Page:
McFadden Act

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Definition: McFadden Act

The Mcfadden Act is a United States Federal law that was enacted in 1927. This law gives the state government the right to govern the branches of banks located within the state premises. This involves not just National Bank, but also Private Charter Banks.

So basically the Act was bought into the system to encourage competition between the national banks and the state chartered banks. So compared to previous conditions that existed, after the law the national banks could easily open branches within the state limits in which it was based. So it could open multiple branches in different sectors to compete with the district based banks. But the law didn’t allow the national banks to branch out, outside its origin state.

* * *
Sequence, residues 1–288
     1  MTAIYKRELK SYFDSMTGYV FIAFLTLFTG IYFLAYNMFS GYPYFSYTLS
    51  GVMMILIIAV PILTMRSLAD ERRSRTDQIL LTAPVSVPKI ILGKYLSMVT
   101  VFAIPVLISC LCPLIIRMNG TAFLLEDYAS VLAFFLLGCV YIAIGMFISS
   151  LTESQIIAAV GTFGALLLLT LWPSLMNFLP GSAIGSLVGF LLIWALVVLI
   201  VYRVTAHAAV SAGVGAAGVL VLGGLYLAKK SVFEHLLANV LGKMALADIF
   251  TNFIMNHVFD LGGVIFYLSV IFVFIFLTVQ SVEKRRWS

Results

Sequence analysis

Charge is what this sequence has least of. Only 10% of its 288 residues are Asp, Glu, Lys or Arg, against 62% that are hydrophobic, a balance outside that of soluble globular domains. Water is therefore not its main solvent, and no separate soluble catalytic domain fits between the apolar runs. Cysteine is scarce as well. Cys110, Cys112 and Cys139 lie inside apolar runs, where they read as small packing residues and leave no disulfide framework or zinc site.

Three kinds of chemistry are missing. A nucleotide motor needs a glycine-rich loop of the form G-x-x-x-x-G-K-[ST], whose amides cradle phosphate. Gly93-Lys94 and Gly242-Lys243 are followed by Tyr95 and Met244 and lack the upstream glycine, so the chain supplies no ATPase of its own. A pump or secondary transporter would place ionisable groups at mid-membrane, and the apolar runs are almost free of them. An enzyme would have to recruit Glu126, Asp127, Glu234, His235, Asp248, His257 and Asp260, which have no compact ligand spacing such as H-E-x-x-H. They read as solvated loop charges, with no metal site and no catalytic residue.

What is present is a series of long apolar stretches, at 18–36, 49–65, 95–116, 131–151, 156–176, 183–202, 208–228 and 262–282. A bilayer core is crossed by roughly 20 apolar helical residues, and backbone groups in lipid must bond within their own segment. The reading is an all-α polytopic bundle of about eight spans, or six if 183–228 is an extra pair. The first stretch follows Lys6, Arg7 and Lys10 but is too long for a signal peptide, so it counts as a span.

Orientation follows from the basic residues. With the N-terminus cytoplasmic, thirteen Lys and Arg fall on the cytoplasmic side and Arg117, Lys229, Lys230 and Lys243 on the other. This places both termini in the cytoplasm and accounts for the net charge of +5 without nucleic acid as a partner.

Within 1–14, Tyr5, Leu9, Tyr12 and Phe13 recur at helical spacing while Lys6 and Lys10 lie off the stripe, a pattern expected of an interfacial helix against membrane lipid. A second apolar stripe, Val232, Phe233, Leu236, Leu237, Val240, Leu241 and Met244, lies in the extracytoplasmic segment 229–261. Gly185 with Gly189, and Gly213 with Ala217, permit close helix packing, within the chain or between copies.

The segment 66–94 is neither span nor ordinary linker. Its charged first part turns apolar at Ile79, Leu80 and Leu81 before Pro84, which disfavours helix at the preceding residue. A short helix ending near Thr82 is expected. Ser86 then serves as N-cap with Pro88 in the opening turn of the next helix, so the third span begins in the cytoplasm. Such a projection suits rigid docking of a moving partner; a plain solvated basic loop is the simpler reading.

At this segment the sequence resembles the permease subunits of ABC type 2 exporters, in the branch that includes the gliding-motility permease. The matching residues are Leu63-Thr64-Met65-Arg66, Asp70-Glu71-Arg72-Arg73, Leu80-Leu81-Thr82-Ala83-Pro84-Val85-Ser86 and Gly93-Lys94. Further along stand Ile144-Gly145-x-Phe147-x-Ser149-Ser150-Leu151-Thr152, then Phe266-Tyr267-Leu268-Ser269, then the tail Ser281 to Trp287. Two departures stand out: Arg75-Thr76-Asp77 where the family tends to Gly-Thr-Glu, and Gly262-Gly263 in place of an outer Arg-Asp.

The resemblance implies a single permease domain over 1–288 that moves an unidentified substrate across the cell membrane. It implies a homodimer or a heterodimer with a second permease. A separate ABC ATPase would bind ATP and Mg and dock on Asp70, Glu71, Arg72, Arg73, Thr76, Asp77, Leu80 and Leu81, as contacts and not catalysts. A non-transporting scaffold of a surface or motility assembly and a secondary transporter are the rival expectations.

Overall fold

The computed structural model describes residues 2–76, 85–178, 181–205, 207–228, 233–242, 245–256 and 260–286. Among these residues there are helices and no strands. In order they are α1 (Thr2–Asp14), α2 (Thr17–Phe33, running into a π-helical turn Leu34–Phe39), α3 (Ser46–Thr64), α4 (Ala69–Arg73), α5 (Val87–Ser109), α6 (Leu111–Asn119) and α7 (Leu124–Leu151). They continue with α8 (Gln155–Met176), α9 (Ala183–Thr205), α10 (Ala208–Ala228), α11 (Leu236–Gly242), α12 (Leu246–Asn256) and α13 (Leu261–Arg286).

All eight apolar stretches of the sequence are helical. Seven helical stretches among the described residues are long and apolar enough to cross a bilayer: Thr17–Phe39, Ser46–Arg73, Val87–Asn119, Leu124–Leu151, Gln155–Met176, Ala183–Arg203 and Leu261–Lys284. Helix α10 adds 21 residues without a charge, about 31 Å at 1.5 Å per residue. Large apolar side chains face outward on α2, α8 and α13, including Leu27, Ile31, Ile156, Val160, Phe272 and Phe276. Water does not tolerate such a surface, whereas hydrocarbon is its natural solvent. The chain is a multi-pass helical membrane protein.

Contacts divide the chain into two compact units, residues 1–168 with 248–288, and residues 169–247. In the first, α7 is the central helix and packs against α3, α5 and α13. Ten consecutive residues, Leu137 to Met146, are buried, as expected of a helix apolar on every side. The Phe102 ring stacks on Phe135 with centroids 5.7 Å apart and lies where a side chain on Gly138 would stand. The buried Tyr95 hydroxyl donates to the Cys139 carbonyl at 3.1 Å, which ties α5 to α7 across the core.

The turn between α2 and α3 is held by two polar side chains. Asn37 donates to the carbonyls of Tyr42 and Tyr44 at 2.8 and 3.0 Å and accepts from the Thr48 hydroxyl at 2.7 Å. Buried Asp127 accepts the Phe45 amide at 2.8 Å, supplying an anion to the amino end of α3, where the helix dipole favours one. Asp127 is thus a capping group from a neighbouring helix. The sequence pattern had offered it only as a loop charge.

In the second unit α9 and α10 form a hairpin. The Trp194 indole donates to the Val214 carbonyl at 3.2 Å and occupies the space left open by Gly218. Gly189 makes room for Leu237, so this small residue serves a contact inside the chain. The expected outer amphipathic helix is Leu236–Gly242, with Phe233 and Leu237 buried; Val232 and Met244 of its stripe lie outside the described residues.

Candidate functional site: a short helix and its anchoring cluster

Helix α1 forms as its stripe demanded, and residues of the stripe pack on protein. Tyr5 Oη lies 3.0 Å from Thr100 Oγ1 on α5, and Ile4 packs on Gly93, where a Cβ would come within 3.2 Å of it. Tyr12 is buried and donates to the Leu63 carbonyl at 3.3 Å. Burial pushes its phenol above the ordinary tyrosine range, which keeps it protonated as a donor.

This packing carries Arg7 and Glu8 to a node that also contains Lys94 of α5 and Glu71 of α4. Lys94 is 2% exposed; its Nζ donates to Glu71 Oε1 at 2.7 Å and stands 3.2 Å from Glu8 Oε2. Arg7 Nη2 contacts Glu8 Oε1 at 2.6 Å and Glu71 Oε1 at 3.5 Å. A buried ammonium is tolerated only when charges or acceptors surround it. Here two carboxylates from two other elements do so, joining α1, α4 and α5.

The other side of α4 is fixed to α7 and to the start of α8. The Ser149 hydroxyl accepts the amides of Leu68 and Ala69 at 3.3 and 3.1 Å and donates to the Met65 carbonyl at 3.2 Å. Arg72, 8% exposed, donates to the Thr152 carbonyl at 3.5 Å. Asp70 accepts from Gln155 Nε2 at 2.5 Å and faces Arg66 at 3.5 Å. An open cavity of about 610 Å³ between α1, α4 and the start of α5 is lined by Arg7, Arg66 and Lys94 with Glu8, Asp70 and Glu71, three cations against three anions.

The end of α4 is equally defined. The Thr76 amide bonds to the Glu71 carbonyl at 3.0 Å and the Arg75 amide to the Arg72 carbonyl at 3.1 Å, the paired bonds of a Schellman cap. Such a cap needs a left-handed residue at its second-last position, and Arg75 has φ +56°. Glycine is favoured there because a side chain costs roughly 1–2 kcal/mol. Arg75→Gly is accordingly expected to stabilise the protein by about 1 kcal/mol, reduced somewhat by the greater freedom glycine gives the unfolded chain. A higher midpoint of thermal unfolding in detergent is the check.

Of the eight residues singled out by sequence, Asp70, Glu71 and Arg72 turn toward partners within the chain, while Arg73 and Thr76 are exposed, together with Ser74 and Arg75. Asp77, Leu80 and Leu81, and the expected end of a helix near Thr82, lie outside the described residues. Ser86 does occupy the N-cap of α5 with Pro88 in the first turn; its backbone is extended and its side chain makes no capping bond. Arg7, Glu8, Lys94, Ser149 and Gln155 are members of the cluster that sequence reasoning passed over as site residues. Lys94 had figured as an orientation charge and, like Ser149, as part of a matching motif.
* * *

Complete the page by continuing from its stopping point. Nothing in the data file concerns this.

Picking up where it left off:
The Act basically catered to three main issues. The first being longevity of the Federal Reserve, The second and main issue as already spoken was related to Bank branching, but the provisions with respect to bank were controversial. The third issue pertained to competition between commercial banks belonging to the Federal Reserve System and the commercial banks that did not.

Hence, this concludes the definition of McFadden Act along with its overview.

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